(Reuters) - DZ Bank was the third Wall Street brokerage this week to make a rare cut in price targets for Facebook Inc (FB.O) on Wednesday as the social network’s shares slid for a third day in response to a row over data use by Cambridge Analytica.
The brokerage cut its target for the California-based firm by $20 to $210, still way above the current share price of $165 but adding to signs that Wall Street analysts are waking up to the risks to the company.
A 1.6 percent fall in Facebook shares in premarket trading brought the losses in the company’s market value this week to $57 billion, or 10.5 percent - a shock for a company that has risen more than 550 percent in value in the past five years.
The suspended chief executive of Cambridge Analytica said in a secretly recorded video broadcast on Tuesday that his UK-based political consultancy’s online campaign played a decisive role in U.S. President Donald Trump’s 2016 election victory.
CEO Alexander Nix’s comments, which could not be verified, were potentially a further problem for Facebook as it faces U.S. and European scrutiny of Cambridge’s improper use of 50 million Facebook users’ personal data to target voters. [nL1N1QZ02Q]
“We ... anticipate that the stock will be subject to further headline risk in the coming weeks as senior management is summoned to DC for hearings with lawmakers,” Credit Suisse analyst Stephen Ju wrote in a note.
Many analysts have now raised concerns that the incident will have a negative impact on user engagement with Facebook, potentially eating into its clout with advertisers. There are mixed views, however, on whether an aggressive regulatory response will materialize.
So far, U.S. and European lawmakers have demanded an explanation of how Cambridge Analytica gained access to user data in 2014 and why Facebook failed to inform its users, raising broader industry questions about consumer privacy.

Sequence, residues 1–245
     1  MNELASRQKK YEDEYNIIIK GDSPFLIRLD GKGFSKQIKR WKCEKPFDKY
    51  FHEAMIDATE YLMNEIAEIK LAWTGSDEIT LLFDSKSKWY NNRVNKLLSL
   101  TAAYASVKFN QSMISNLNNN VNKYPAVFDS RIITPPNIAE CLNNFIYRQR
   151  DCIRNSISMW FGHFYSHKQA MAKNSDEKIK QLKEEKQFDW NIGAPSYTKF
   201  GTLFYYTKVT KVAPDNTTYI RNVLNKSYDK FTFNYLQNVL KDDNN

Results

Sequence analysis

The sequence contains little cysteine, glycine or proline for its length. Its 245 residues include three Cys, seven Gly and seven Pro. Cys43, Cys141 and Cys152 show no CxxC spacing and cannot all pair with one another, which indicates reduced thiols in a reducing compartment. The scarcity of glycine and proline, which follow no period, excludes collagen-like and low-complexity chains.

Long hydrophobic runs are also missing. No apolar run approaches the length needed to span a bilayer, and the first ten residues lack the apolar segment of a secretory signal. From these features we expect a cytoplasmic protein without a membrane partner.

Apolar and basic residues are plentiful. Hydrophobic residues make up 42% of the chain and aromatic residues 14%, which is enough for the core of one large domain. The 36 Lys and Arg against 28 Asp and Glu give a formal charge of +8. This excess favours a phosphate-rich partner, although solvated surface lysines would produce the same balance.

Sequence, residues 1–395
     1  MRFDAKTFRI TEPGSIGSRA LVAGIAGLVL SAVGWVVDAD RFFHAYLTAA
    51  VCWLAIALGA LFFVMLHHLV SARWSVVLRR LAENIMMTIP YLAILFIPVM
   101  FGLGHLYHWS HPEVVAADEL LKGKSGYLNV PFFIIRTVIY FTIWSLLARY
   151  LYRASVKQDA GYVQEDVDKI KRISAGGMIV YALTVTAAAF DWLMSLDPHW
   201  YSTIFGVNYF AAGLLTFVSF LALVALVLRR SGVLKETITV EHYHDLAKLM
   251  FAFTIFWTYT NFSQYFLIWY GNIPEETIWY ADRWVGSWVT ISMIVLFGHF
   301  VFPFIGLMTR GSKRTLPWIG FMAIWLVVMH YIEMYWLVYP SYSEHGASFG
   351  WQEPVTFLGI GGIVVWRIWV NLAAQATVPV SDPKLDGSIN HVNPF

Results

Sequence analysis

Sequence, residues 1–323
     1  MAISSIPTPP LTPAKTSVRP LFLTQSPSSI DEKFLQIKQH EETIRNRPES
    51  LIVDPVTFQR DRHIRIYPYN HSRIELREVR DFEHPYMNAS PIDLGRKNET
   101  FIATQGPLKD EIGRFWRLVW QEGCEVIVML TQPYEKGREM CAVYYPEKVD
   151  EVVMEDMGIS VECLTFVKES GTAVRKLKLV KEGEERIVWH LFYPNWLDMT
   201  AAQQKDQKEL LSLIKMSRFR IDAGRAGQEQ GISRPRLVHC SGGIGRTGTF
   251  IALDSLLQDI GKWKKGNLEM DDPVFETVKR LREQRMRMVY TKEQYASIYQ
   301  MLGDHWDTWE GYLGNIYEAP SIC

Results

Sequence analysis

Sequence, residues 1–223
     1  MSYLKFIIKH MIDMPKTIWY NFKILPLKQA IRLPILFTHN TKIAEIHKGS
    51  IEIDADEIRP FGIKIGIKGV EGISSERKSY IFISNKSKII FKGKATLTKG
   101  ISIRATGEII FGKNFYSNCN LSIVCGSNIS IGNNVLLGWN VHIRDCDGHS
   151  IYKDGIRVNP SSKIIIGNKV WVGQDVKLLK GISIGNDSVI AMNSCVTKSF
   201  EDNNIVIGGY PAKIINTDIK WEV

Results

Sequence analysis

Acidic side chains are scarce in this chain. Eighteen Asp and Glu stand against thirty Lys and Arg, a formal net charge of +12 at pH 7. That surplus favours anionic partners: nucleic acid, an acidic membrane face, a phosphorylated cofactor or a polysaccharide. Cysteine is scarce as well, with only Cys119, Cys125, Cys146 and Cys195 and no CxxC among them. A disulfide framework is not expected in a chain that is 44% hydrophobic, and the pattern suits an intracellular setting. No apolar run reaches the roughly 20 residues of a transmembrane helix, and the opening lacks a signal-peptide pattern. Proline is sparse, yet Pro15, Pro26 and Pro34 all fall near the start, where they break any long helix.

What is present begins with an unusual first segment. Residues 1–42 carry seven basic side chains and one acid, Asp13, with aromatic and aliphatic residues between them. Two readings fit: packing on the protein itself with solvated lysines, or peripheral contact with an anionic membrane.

Cowen and Co analyst Paul Gallant said that Congress is unlikely to act on the issue. He said that despite allegations of Russian interference, a bill requiring Internet companies to disclose foreign buyers of political advertising is going nowhere.
“We don’t expect Congress to enact online privacy legislation anytime soon, even if Democrats win the House this fall,” Gallant said.
On Tuesday another brokerage Evercore ISI cut their target by $20 to $205, their biggest reduction ever. Macquarie Research also trimmed its by $5 to $200, the first reduction since Oct 2012, five months after Facebook stock market launch.
“Investors now have to consider whether or not the company will conclude that it has grown in a manner that has proven to be untenable or whether it needs to significantly improve how it is managed,” said Pivotal Research Group analyst Brian Wieser.
Morgan Stanley analysts said they expected Facebook to bring changes to how data are made available to app developers and third parties, adding it could have a negative impact on Facebook Audience Network’s ability to scale, although minimal.
Reporting by Munsif Vengattil and Sonam Rai in Bengaluru; editing by Patrick Graham